This week, we’re looking at the (in)famous story of Abraham and the command to sacrifice his son, Isaac. If you’re just joining us today, you really need to begin from the start of the story on Monday. We began by asking: why would God ask Abraham to do such a thing? Yesterday, we looked at one part of the answer: God is showing (in a very graphic way) that as Creator he has the right to ask for such a sacrifice – unlike the pagan, so-called ‘gods’ of the region who regularly demanded child sacrifice. Yet despite having the right, he doesn’t. He’s different from the gods around. But we were still left with the question: why put Abraham through all that just to make this point?
Think about it for a minute: what if God had just said ‘most gods require human sacrifices, but I don’t, so here’s a ram I prepared earlier…’ – it doesn’t have the same impact. We wouldn’t be talking about it 4000 years later if that’s all that had happened.
In a culture where the alternative to God was other pagan gods who demanded ceaseless rituals and sacrifices – even of your children – in order to be placated, God wanted to show Abraham and the rest of humanity the alternative. In a graphic way. ‘If you didn’t have me, this is how it would play out.’
When my kids were little, if they were climbing dangerously on something, I wouldn’t always save them early on. Sometimes I’d watch carefully, let them keeping going, and catch them as they fell. Not because I liked scaring them (I’d tell myself), but to teach them – to help them understand what it’d be like if I hadn’t been around to save them.
God lets Abraham peer over the edge of life-without-God in 2000BC, before snatching him back from the brink. For his own good – and ours. Because through this, Abraham learned to appreciate the depth of what God rescues us from.
God sometimes takes us to the brink – so we fully appreciate the alternative
Most people’s mistake in thinking about this story today is to wonder if they would have the faith to obey such a command. The trouble is, the specifics of the story don’t translate well from 4000 yrs ago. We don’t have pagan gods who require sacrifices. It’s not normal. There are laws against that sort of thing. More’s the point, I think God wouldn’t ask that of us now, because it’s not how our twenty-first life would pan out without God.
Although it’s a little tamer than child sacrifice, God still often lets us see the consequences of a life without him in 2000 AD. A life serving the gods of this age. He takes us to the brink to see what our life would look like without him. He allows us to reap the consequences of serving other gods. For example:
- Drugs and alcohol – there are many testimonies of people who have reached rock-bottom before they were finally open to God’s rescue offer. They had to experience the alternative before they understood how good the gospel is. ‘Amazing Grace, how sweet the sound that saved a wretch like me’. Grace seems sweeter the more we appreciate the wretched position we were saved from.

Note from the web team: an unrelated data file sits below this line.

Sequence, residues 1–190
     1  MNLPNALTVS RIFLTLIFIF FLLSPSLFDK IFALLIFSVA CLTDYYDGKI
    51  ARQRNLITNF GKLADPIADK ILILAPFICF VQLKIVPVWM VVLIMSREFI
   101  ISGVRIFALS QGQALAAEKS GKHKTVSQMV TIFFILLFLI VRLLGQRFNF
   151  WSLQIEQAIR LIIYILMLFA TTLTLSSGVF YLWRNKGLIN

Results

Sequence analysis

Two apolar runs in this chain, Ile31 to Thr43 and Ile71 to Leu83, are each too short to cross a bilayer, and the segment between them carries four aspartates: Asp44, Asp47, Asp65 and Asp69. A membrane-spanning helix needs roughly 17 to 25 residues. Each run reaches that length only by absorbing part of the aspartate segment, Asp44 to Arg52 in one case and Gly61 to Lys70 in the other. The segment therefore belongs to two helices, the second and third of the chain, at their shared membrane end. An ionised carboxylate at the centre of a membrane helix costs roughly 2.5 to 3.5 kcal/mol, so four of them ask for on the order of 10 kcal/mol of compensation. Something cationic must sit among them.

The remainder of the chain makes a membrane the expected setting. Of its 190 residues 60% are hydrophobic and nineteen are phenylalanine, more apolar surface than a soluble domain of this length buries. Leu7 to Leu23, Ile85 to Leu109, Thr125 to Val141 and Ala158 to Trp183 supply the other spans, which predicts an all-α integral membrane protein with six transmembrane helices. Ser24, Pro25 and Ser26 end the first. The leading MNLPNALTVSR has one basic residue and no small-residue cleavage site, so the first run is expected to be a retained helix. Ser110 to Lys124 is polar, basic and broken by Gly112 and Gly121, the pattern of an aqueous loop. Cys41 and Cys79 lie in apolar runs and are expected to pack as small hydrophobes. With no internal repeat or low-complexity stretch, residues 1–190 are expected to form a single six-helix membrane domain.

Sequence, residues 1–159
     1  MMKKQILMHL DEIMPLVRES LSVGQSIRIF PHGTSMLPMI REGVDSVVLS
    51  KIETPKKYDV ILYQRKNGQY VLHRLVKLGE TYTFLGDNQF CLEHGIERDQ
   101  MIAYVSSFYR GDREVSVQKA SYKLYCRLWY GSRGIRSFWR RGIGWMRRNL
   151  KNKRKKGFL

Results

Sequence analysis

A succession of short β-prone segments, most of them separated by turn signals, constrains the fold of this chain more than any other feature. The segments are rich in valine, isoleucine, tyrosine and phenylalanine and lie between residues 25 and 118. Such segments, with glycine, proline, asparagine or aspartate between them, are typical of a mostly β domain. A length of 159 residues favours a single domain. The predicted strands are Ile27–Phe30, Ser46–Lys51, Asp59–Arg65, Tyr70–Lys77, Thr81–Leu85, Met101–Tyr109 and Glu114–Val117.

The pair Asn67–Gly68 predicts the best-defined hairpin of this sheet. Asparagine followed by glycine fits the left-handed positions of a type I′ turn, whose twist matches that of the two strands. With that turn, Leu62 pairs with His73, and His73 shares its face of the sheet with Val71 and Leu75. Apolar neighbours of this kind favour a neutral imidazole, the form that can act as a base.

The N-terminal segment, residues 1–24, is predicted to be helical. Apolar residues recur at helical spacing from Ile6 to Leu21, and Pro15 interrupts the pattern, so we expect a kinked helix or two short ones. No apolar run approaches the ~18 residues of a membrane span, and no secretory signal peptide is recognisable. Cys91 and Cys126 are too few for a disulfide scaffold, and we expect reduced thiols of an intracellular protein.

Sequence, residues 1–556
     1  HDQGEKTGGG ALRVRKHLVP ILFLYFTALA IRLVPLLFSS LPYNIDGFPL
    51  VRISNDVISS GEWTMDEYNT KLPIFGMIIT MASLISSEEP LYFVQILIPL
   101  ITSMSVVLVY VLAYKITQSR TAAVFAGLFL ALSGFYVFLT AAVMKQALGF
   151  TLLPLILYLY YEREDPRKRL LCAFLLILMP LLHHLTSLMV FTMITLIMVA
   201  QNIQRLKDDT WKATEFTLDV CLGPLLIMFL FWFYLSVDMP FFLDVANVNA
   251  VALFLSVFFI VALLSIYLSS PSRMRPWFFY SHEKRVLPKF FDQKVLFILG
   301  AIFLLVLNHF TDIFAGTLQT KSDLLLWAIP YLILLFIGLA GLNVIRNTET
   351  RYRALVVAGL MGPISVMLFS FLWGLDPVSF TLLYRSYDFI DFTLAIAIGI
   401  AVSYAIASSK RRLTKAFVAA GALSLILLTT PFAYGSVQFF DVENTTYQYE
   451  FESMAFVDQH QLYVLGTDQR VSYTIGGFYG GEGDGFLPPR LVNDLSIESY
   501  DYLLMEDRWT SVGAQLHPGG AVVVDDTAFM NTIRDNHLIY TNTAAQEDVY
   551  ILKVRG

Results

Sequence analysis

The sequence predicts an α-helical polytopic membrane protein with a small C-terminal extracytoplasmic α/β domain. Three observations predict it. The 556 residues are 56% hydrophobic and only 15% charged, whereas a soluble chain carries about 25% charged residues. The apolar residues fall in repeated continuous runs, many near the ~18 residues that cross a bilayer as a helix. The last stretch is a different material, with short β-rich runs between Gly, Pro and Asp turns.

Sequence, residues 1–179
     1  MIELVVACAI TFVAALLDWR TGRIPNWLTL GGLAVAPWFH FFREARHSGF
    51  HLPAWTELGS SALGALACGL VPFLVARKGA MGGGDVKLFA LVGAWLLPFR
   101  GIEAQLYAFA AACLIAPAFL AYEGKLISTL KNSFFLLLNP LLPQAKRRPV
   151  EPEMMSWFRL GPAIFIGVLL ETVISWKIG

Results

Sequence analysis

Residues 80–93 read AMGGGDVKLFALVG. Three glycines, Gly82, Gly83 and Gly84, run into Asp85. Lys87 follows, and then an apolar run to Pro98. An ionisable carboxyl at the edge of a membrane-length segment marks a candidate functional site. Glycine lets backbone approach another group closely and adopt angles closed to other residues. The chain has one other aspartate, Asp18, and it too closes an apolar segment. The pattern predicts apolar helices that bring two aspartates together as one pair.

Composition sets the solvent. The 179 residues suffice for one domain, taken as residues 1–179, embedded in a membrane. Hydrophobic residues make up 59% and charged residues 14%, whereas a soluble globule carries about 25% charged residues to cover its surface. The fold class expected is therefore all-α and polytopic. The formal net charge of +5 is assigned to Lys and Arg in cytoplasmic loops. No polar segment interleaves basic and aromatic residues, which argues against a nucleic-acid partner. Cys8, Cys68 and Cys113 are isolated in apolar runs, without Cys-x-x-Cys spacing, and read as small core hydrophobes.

- The god of career: God allows us to see the emptiness and futility of a life devoted to work and chasing money, prestige, significance. Maybe then we will be ready to accept God’s offer of significance in him.
- The god of sex and pleasure: Paul says in Romans that God gave humanity over to our evil desires, allowing us to reap the consequences of our rebellion – only to find that we are never satisfied, we always want more. Maybe then we will be ready to make the faith-step of finding all our satisfaction in God.
- The god of other people’s approval: we can chase that all our lives, only to find that we can never please everybody. Maybe then we will be forced into looking for the no-string-attached acceptance that only God offers.
- The god of absolution: if we have the sense that we are guilty, that we can’t right the wrongs we have done, but nonetheless have to try to atone for our past behaviour. In time, the hope is that we would see that forgiveness and removal of guilt only comes through God, not our own efforts.
This doesn’t just happen before we come to place our faith in God. Sometimes God does this with his people when they dabble with other gods; who want one foot in God’s camp, and one foot in the world’s. So God lets us experience what life is like without him, by taking his blessings away for a time, in the hope that we would realise how bad the alternatives are. And that we would come back from the brink, with a greater appreciation of what God has saved us from.
Sometimes it takes this for ‘second generation Christians’ – those who have grown up in a Christian family and have been shielded from the worst aspects of a life without God – sometimes they need to be taken to the brink by God, for them to fully appreciate what they have in God.
Maybe that’s why God took Abraham to the brink, so that not just he, but all of Abraham’s “grains of sand” would fully appreciate just how different God is to the alternatives.
One thought on “A postcard from the edge (Gen 22) – part three”
Hi Tim, thanks for the explanation of this story. I grew up in a non-Christian home and accepted Jesus as a teenager. My Dad (now dead) would challenge me about this story. He would ask me how come a God of love would ask a man to murder his son. I never had an answer.